Energy Department often fails to vet contractor past performance, watchdog finds

The Energy Department in the past two years had signed off on 20 percent of its sole-source contracts and financial assistance awards without evaluating contractor past performance, the department's inspector general reported in an audit released on Tuesday.

Energy processed some $89 billion in such awards between fiscal 2009 and 2010, including projects funded by the 2009 Recovery Act.

"The department had not always considered prior contractor performance nor completed contractor performance assessments in a timely manner for nonfacility contract and financial assistance awards," the audit said. "As such, the department had not ensured that it was making best value selections in competitive awards and in making contractor responsibility determinations for sole-source contracts."

After reviewing contractor performance assessment reports and a random sample of contract and financial assistance awards and closeouts, and after visiting three sites, auditors found that Energy managers could not demonstrate they had evaluated contractor prior performance in 104 of the 519 contracts and assistance awards studied.

Contract offices, the report says, failed to consult the governmentwide Excluded Parties List System to ensure that prospective contractors were not debarred in 8 percent of the sampled awards (though none of the awardees studied had been debarred). Finally, in 37 percent of the cases reviewed, Energy officials did not complete post-award contractor performance evaluations within the required 120 days after the evaluation period.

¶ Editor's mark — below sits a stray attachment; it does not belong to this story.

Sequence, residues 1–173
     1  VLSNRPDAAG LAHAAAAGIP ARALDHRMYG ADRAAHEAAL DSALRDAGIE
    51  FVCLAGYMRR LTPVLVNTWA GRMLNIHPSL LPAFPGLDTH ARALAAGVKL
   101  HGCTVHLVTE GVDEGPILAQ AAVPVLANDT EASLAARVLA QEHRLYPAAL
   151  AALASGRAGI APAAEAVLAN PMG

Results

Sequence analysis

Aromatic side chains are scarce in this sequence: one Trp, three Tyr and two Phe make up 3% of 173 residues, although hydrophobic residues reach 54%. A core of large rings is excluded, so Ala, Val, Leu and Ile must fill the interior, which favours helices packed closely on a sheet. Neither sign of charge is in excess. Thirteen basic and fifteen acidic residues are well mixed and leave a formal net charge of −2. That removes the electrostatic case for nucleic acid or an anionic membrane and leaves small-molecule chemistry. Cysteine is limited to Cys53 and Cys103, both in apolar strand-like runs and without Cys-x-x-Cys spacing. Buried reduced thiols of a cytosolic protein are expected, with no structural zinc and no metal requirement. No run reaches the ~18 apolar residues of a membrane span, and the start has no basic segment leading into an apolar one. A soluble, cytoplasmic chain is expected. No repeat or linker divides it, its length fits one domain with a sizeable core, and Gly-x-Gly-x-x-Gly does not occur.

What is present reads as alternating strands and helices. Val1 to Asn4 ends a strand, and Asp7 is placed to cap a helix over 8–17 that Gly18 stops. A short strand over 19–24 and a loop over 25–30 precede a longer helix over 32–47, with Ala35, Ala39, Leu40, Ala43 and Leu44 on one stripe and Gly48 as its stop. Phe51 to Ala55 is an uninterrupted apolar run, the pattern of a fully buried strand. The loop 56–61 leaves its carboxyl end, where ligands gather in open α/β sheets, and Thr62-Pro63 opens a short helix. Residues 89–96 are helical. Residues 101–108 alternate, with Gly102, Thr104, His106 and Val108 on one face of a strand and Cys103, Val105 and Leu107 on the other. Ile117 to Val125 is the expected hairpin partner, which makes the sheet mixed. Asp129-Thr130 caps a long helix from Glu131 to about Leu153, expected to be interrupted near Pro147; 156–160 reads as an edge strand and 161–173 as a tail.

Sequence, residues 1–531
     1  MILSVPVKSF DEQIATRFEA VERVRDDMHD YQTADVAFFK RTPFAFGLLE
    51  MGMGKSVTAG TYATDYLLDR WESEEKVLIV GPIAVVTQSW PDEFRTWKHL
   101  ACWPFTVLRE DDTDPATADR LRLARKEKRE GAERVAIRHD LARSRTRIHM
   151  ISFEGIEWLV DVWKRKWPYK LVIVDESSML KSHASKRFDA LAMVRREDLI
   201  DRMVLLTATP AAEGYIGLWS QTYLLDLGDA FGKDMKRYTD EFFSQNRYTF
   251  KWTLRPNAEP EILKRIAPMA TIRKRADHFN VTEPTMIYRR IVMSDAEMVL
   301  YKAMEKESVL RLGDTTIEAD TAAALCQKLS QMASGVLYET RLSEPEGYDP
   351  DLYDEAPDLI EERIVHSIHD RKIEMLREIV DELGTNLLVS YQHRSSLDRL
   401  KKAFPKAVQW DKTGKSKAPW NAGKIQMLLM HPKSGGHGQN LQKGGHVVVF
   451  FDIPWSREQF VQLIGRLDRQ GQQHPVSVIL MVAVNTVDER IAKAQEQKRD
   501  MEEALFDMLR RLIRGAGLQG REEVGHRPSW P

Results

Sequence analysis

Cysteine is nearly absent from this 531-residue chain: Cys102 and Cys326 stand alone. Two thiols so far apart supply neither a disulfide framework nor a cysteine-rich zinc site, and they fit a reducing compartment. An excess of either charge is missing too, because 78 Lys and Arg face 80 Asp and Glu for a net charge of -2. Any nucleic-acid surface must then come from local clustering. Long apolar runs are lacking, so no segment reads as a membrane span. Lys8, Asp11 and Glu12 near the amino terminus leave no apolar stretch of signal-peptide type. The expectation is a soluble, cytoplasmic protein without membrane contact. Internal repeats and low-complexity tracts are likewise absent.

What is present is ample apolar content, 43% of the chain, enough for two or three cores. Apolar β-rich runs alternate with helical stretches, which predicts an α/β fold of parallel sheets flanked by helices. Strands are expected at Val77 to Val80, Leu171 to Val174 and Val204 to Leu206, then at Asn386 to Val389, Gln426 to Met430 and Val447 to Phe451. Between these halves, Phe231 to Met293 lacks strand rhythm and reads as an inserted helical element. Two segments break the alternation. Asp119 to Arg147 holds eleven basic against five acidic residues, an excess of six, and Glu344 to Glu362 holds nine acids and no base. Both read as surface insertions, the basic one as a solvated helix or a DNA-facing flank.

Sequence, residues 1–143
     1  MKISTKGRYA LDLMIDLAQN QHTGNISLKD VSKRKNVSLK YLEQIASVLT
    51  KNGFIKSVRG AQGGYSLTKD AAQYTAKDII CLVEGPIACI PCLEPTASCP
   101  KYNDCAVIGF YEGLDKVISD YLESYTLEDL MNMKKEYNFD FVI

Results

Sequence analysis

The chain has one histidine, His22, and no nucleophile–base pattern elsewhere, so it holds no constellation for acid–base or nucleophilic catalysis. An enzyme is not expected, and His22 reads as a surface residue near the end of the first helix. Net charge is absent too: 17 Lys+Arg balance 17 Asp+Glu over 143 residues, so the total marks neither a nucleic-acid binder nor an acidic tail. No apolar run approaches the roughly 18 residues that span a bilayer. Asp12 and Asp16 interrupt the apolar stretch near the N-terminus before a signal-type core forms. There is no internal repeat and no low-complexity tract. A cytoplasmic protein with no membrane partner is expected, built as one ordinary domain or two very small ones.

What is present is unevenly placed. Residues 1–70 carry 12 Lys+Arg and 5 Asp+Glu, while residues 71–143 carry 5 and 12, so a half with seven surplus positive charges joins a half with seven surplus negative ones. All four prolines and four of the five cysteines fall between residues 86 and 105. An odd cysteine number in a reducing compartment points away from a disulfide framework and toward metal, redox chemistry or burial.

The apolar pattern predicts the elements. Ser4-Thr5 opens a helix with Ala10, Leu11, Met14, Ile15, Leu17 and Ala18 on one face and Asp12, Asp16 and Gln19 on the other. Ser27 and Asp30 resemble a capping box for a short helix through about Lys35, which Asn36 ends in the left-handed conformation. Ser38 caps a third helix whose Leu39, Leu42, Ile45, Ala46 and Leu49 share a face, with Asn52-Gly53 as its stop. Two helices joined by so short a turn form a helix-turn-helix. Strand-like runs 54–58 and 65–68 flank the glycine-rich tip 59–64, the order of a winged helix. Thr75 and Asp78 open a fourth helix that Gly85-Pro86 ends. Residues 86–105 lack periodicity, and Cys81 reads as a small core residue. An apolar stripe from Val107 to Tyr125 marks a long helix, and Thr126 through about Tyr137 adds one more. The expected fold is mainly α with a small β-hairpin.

"With literally billions of dollars in taxpayer provided funds in play for department contracts, grants and financial assistance awards, procurement and program officials need all of the information they can gather to ensure that they make the best possible award decisions," the report said. "Developing meaningful post-award performance assessments and objective evaluations of contractor past performance prior to award are critical to ensuring that the government does business with companies that deliver quality goods and services on time and within budget and that the taxpayer's interests are protected."

The report notes that the Federal Acquisition Regulation and the Code of Federal Regulations require such contractor vetting, and that both the Government Accountability Office and the Office of Management and Budget have urged such precautionary practices.

Officials at one of the affected facilities, Energy's National Nuclear Security Administration's Albuquerque Complex, told auditors they thought "the signature of an appropriate federal contract professional on a sole source contract award provided sufficient evidence to support that an assessment of past performance had been performed." They also acknowledged a backlog of uncompleted evaluation reports.

Responding to a draft of the report, Energy officials generally agreed on best practices for vetting contractors' past performance. OMB, however, while agreeing with the finding and recommendations on contracts, "disagreed that contracting officers were required to review a prospective awardee's prior performance as part of the financial assistance selection process."

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